A supervolcano is classed as more than 500 cubic kilometers of erupted magma volume, and is 500 times larger than a typical volcano. Knowledge of triggering mechanisms is crucial for monitoring supervolcano systems. A new study has revealed that supervolcanoes with massive eruptions with potential global consequences become active when the roof above them cracks or collapses, not because of internal pressure building.
Lead researcher Patricia Gregg, professor of geology at University of Illinois, said, "If we want to monitor supervolcanoes to determine if one is progressing toward eruption, we need better understanding of what triggers a supereruption. It is very likely that supereruptions must be triggered by an external mechanism and not an internal mechanism, which makes them very different from the typical, smaller volcanoes that we monitor."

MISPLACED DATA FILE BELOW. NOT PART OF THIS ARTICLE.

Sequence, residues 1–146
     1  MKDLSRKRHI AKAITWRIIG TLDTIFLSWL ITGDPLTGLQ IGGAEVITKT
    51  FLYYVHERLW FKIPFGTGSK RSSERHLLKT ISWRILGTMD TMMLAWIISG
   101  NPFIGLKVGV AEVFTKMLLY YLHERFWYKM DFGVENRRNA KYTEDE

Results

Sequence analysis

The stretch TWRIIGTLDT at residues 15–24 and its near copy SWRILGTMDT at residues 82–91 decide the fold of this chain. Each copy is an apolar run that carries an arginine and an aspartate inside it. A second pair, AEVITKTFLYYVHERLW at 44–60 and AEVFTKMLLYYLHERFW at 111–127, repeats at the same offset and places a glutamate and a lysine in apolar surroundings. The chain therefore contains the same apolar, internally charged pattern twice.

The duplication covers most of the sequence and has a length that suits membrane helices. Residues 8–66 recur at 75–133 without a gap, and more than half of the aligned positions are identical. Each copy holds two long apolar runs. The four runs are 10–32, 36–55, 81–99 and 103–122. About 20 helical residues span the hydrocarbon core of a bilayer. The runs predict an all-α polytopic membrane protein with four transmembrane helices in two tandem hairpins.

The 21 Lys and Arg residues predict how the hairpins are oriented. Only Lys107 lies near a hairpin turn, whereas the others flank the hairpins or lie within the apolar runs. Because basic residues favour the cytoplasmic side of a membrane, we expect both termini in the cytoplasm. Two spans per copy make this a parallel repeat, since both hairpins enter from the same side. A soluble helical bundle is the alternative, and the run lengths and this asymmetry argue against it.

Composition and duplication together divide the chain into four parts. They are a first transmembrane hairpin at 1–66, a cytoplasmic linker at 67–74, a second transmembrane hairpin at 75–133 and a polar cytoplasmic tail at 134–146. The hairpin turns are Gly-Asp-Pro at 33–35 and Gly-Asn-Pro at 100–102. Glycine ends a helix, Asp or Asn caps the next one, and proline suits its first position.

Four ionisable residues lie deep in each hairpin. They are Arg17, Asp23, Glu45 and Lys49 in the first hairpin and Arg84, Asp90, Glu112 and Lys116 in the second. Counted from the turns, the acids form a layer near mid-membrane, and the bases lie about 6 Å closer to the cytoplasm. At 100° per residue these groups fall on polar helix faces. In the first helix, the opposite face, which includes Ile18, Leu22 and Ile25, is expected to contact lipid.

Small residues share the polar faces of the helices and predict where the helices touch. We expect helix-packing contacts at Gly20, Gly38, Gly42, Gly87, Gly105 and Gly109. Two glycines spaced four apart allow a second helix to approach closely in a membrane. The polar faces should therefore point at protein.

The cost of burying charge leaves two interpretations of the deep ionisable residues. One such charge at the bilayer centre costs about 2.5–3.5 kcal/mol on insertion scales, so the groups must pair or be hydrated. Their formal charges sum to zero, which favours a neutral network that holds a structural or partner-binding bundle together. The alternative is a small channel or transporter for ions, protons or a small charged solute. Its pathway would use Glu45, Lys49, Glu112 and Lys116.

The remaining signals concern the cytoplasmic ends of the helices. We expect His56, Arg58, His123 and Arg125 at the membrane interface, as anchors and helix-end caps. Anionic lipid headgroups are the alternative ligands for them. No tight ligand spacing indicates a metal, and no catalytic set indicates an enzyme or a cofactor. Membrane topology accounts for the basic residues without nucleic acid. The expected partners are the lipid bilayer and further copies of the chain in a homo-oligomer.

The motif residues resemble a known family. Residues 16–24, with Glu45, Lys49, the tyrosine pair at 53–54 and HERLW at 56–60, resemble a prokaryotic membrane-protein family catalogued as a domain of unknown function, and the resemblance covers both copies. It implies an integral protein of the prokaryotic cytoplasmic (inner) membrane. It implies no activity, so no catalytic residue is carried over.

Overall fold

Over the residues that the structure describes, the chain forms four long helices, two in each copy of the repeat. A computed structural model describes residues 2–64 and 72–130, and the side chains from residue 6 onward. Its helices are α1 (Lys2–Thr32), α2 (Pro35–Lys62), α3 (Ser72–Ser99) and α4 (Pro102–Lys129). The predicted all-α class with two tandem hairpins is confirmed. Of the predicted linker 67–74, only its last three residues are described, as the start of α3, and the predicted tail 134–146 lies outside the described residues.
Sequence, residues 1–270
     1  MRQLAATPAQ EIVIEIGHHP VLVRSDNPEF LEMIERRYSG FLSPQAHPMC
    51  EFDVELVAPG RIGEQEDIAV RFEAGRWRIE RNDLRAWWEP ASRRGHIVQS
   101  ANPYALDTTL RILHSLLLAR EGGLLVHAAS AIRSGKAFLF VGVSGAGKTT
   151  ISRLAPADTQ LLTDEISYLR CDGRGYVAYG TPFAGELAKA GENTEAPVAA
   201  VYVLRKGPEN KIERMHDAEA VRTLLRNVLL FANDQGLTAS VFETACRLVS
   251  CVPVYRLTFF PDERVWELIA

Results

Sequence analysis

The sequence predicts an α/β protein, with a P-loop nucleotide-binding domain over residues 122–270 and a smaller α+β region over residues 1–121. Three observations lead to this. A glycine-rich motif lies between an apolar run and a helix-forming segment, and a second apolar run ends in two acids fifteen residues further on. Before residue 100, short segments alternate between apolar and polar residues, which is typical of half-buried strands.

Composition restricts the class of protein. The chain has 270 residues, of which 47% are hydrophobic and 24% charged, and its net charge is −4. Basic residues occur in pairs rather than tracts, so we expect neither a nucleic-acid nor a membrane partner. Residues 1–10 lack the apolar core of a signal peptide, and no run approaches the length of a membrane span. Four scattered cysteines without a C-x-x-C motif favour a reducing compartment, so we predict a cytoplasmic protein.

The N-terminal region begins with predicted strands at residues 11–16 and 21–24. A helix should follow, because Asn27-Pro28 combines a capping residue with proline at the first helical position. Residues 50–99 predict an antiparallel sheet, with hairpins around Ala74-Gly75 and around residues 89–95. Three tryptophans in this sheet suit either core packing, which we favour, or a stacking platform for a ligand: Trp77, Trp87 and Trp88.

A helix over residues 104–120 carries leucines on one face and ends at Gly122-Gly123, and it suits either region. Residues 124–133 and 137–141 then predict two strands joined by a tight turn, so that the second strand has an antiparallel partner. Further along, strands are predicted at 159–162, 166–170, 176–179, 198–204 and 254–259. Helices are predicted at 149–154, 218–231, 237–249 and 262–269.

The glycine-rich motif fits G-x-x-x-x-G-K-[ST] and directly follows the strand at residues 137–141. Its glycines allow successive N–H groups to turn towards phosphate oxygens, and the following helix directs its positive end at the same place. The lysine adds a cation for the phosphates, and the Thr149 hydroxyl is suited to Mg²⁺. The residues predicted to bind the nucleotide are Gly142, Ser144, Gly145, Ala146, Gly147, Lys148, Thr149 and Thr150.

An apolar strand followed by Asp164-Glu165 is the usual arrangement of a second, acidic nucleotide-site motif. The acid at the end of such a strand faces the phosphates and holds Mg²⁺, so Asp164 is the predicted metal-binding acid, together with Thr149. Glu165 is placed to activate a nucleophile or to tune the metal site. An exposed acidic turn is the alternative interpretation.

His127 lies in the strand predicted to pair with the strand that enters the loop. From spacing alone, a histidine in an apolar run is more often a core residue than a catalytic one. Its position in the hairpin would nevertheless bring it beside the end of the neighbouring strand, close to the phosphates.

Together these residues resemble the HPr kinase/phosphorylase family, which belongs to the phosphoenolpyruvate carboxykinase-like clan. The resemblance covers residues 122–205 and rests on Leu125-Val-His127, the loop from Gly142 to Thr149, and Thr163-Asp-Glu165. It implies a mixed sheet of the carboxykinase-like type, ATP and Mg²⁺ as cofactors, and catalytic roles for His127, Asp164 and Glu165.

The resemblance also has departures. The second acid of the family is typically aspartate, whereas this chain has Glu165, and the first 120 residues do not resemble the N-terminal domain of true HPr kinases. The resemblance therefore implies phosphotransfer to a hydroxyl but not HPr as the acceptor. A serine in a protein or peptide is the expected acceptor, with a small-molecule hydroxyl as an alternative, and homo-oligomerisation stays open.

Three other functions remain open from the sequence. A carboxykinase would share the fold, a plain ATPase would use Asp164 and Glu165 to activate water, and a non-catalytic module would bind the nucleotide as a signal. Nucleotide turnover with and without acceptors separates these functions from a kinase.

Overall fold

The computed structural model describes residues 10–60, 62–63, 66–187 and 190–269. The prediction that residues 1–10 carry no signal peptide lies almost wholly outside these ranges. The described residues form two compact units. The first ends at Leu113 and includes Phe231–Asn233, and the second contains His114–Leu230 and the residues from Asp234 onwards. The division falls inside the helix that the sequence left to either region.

Gregg further added, "Typically, when we think about how a volcanic eruption is triggered, we are taught that the pressure in the magma chamber increases until it causes an explosion and the volcano erupts. This is the prevailing hypothesis for how eruptions are triggered. At supervolcanic sites, however, we do not see a lot of evidence for pressurization."
The study was published in the Journal of Volcanology and Geothermal Research.